‘Survivor’ Castaway Garrett: David ‘Didn’t Know How to Play ‘Survivor’ at All’

by | February 28, 2014 at 1:49 PM | RealityTV, Survivor, TV News

'Survivor: Cagayan' (CBS)

NOTE: XFINITY TV is the place to be for all sorts of “Survivor: Cagayan” back-stabbin’, torch-snuffin’ fun. On Mondays we’ll have Power Rankings with “Blood vs. Water” competitor Ciera Eastin, every Wednesday evening we’ll bring you a recap of the most recent episode, and every Thursday you’ll be able to watch the previous night’s episode and read an interview with the eliminated contestant. Be sure to follow me on Twitter (@gordonholmes) for immediate updates.

It used to be the weak link was the first person who was sent packing from a “Survivor” tribe. If you were bad in challenges or were accused of smuggling beef jerky, you were a goner.

But today? Blow a challenge? No worries. Engineer a possibly dangerous shelter? Meh. Dump out the tribe’s entire supply of rice? Big whoop…

I spoke with the latest victim of this new “Survivor” strategy, Garrett Adelstein, the morning after his elimination and had a chance to ask him about David’s decision, Tasha’s gameplay, and J’Tia’s culinary skills…

Gordon Holmes: Last night was beyond crazy.
Garrett Adelstein: Yeah, I’m obviously really disappointed. I thought I’d be cool six months later, but reliving it all over again… I suppose if there’s one silver lining, it’s that the viewers had a solid couple of hours of entertainment.
Holmes: Yeah, I’m sure seeing it opens up old wounds. Also seeing scenes and testimonials for the first time.
Adelstein: I’m such a perfectionist in general, so when I fail at something, even when it’s out of my control, that can be tough. As you know, I worked really hard preparing to be there.

Watch Full Episodes of “Survivor: Cagayan”

Holmes: Right off the bat, David chooses you to leave the Brains tribe. I know you hadn’t seen “Blood vs. Water” where they got rid of Candice and Rupert immediately, but did you think you were out of the game?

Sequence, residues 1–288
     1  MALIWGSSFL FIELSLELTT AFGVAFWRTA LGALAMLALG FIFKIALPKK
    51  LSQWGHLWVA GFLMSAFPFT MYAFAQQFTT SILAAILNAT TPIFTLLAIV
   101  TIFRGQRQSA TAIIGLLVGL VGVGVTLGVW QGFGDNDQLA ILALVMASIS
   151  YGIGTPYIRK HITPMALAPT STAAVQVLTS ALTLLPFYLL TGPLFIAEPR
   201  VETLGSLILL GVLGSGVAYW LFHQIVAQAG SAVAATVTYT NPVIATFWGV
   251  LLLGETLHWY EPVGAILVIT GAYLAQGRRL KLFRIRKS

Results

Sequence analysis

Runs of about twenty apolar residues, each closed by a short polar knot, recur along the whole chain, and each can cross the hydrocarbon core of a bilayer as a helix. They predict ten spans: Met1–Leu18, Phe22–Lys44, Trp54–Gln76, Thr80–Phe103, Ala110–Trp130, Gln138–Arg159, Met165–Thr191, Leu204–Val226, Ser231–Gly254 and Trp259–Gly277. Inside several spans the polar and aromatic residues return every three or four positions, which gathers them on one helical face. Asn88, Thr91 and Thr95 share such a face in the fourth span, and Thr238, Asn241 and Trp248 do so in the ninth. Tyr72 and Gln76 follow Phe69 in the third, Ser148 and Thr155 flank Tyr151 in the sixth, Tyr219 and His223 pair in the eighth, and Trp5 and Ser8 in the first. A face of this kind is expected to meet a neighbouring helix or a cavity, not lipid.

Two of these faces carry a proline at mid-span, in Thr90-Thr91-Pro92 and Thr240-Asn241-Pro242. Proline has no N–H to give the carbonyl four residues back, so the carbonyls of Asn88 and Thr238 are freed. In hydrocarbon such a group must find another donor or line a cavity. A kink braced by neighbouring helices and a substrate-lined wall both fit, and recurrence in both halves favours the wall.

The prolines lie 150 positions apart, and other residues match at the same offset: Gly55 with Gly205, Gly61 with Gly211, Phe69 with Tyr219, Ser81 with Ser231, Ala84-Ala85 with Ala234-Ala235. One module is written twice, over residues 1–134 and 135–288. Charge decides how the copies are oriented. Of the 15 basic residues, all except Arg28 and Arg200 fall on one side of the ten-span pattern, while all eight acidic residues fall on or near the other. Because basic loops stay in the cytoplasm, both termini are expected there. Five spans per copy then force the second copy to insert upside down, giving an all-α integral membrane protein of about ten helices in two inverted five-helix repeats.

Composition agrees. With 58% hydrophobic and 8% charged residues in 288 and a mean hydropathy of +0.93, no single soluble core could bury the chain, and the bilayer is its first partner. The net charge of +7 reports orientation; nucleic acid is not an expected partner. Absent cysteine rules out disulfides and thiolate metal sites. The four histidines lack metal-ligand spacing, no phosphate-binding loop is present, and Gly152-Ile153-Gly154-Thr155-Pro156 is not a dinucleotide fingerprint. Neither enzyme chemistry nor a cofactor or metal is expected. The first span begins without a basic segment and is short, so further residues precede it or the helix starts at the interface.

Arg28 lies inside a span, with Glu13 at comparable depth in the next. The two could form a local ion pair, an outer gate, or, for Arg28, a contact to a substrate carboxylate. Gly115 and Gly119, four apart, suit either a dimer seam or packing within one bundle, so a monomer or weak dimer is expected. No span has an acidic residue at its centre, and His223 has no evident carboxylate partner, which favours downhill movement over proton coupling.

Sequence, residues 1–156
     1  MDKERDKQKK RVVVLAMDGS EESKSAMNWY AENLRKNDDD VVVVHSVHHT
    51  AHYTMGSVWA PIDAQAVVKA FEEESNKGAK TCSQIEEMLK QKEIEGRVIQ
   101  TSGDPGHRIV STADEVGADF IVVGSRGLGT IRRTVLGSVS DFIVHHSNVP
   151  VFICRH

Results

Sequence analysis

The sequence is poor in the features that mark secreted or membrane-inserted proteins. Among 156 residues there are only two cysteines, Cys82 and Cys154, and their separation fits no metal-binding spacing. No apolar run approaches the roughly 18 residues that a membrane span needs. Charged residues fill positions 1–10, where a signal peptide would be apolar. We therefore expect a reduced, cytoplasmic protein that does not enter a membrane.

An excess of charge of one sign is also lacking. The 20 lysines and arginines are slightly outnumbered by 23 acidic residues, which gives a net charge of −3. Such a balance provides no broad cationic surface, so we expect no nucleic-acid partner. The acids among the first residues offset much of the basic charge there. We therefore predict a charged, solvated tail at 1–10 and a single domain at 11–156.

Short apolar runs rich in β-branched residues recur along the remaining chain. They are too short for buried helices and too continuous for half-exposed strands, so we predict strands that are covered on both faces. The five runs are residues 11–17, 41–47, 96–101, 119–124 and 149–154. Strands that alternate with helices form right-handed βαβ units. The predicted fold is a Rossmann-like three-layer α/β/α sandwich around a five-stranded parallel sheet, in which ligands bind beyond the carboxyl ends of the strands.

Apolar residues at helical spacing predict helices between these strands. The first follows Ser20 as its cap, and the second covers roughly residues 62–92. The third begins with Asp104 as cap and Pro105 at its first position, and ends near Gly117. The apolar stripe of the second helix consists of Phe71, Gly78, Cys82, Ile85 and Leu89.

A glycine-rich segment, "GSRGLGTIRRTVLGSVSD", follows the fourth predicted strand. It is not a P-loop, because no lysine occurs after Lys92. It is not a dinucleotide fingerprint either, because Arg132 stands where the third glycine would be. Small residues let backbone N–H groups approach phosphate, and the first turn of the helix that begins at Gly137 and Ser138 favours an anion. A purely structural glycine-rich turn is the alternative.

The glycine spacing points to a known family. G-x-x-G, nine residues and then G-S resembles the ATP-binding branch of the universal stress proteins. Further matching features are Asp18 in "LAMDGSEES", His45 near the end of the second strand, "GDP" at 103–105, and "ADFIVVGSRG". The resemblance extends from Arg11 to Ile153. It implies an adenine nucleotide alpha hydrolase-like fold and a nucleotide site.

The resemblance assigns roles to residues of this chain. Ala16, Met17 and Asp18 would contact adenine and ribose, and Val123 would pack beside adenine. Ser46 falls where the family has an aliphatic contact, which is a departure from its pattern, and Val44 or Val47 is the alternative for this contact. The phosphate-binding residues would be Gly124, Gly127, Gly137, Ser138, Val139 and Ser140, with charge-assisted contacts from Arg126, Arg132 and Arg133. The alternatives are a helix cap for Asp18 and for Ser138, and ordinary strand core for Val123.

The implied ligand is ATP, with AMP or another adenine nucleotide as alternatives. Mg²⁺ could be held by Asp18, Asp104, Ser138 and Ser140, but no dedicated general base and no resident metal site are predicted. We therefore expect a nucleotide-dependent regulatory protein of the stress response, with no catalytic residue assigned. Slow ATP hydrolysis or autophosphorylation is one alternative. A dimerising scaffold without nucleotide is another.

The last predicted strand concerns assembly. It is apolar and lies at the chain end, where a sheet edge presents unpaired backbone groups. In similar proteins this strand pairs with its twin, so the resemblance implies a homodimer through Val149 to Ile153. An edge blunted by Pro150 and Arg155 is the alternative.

Adelstein: No, I thought there was 0% chance I was out of the game. In pre-game there were 18 of us the entire time. So, you’d better believe they’re not going to eliminate three people on day one. They showed the confessionals where I was bummed about it, and there’s validity to that. At that point I’m concerned that I was isolated from my tribe. But, I also know there was something positive related to that, and knowing my “Survivor” history, I knew an immunity idol clue was the most likely scenario. So, I would say I had mixed feelings.
Holmes: David picks you as the “weakest player.” Looking at you, you’re built like a superhero.
Adelstein: (Laughs)
Holmes: You’re clearly not the weakest guy. Did you ever try to make peace with David and work together?
Adelstein: That’s something I would have been open to. David and I are good friends now. That might have worked out very well for me, in fact. But at the time, it was never an option. David was never open or warm with me. And he played his cards very face up.  I knew he didn’t want to work with me. David’s my guy, but he didn’t know how to play “Survivor” at all. He assumed alliances aren’t built until a couple of weeks in. He and Kass isolated themselves. They assumed everything was fine because J’Tia was bad in the challenges.
Holmes: David also said he didn’t know why you were on the Brains tribe. I’m assuming that meant you never told him about your occupation or educational background.